A state border dividing its nearly 200 square miles, Lake Tahoe serves an easily accessible year round playground for outdoor enthusiasts. Tahoe may bring to mind both beaches and skiing, but there is also the chance to enjoy activities as varied as scenic mountain gondola rides, peaceful hot air ballooning, and lake cruises that range from intimate to festive. Lake Tahoe was formed two million years ago and the iconic blue waters are often compared to cobalt or topaz. Situated close to Donner Pass and the route of the country’s first transcontinental railroad, early highways brought San Francisco vacation seekers to the area and the first inn opened its doors in 1887. Silver was discovered at Nevada’s Comstock Lode in in 1859, setting off a ‘rush to Washoe’ that impacted the area for two decades. By 1938, the Southern Pacific Railroad brought skiers to discover Tahoe’s slopes and in 1960, the North Shore’s Squaw Valley hosted the Winter Olympics, putting the area firmly on the winter destination map. Tahoe is sometimes called a ‘lake in the sky’ due to its elevation at 6,225 feet (1.2 miles), but the Washoe name ‘da ow a ga’ means ‘edge of the lake’. Lake Tahoe is easily visited from San Francisco (3 hours) or Reno (45 minutes) and makes a great base to explore the surrounding Sierra Nevada range.
Described by Mark Twain as ‘the fairest picture the whole earth affords’ and regularly titled the jewel of the Sierra Nevada mountain range, Lake Tahoe can claim many impressive statistics; it’s the largest alpine lake in North America, the second deepest lake in the United States, the 6th largest lake in the country by volume, and the tenth deepest lake in the world (over 1,600 feet). Tahoe is also known for its purity which is comparable to distilled water- 99.99%. The blue hue is credited to that depth and the purity is said to result from fresh mountain snowfall throughout the lake basin. Lake Tahoe is big- 22 miles long and 12 miles wide. It would take three hours by car to travel the 70-some miles of shoreline and the lake surface is so large that it’s noticeable convex as a result of the earth’s curvature. Tahoe enjoys over 270 days of annual sunshine and some ski elevations can receive 300-500 inches of seasonal snowfall.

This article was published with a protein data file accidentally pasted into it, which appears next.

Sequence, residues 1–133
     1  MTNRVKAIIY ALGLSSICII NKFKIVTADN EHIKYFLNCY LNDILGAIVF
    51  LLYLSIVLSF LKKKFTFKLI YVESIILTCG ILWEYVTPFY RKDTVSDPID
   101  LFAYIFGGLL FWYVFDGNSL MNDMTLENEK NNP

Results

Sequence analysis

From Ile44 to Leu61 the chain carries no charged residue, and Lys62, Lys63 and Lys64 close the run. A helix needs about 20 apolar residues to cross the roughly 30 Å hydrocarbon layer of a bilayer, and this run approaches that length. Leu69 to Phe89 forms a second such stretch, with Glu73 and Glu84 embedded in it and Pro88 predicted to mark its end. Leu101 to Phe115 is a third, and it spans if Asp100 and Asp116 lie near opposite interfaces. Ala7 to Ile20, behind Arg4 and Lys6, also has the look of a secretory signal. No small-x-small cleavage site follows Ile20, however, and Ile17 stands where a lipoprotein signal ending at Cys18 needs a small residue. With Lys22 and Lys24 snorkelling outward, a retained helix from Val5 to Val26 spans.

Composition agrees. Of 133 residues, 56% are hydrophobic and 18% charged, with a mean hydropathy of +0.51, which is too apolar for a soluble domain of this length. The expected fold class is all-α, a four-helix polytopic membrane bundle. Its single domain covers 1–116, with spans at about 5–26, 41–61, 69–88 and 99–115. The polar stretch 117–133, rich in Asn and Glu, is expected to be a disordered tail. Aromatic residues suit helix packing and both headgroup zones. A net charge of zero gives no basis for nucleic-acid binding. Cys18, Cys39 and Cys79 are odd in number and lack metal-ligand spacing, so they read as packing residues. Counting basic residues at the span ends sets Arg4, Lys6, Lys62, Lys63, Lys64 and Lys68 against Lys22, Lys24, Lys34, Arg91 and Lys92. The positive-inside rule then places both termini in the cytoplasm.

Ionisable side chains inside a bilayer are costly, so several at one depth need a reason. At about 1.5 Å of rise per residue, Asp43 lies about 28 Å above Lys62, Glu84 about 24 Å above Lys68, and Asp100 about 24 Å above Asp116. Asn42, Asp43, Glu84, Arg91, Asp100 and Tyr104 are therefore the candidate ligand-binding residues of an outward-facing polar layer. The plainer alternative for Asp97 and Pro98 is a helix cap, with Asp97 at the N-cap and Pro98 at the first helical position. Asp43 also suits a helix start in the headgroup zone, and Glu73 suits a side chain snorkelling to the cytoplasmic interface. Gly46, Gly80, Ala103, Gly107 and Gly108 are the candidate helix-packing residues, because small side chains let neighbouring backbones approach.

The Lake Tahoe basin is a tangle of steep and rugged granite peaks dotted with postcard worthy pine forests- eleven types of pine to be exact, with the most common being the smooth coned Jeffrey Pine. Sixty-three tributaries feed the lake providing half its water (the other half coming directly from snowmelt), yet only the Truckee River drains the lake- not towards the Pacific Ocean, but into Nevada’s Pyramid Lake- though much of it evaporates before reaching that destination, with enough lost daily to supply a city the size of Los Angeles. Water temperature in the winter is a chilly 40 degrees but summer warms to a swimmable 65-70. The lake holds 39 trillion gallons of water and objects seventy feet below the surface can be seen through its remarkably clear waters.
Among the unique attractions Lake Tahoe boasts is the 38-room 1929 mansion Vikingsholm, an early Nordic-style summer mansion inspired by the lake’s resemblance to the fjords of Scandanavia. The mansion sits within Emerald Bay State Park, beloved for hiking, swimming, boating, and watersports. The western shore park is the state of California’s premier glacial park, being carved and shaped by those processes 11,500 – 1,800,800 years ago. Emerald Bay is also as of 1994 a designated underwater state park, serving as a resting place for many boats and barges of the late 1800’s. The park’s renowed Inspiration Point overlooks Tahoe’s only island, Fanette Island (accessible by boat), a knob of granite that once housed a rustic stone teahouse.
Once titled the ‘grandest resort in the world’, South Tahoe’s Tallac Historic Site contains two historic grand estates and the Tallac Museum, affording chances to learn about the heydey of the wealthy residents of the early 20th century as well as the native Washoe people. Another nearby park, Ed Z’berg Super Pine Point, houses amongst the dense pines the 1903 Hellman-Ehrman Mansion, rustic yet equipped with all the modern conveniences of the day. The lake has its own legendary creature, sixty feel long ‘Tahoe Tessie’, first mentioned by the Washoe people but also rumored to have been sighted by Jacques Cousteau.
Summer is Tahoe’s busiest season abounding with popular activities such as hikes and nature walks, cycling, and many manner of watersports including sailing, water skiing, stand-up paddleboading, windsurfing, parasailing, fishing, and kayaking. Bikers can enjoy a 72 mile scenic lake circuit with rentals available from many starting points and hikers can select from over a hundred choices, with distances for every fitness level. For those with time and stamina, the 170 mile Tahoe Rim Trail is regarded as both scenic and challenging. Summer is also wildflower season and temps rarely pass 80 degrees. Beach lovers congregate at locales such as the north shores’s sandy expanse of Kings Beach and in the south, D L Bliss State Park, which is also is home to the Rubicon Point Light, the highest elevation lighthouse in the United States.
Winter at Lake Tahoe is all about powdery snow, with over a dozen alpine ski resorts opening in November and in some years, staying open until June- the highest concentration of skiing opportunities in North America. Non-skiers can partake of zip lines, inner tubing, gondola rides, outdoor ice skating, snowshoe and snowmobiling trails, sledding, snowbiking, cross country skiing, and sleigh rides. Year round, the old gold rush towns that surround the lake offer a quaint glimpse into the area’s past. The north shore is known for high end shopping and dining opportunities while the south shore in Nevada has its own casino strip and associated entertainments.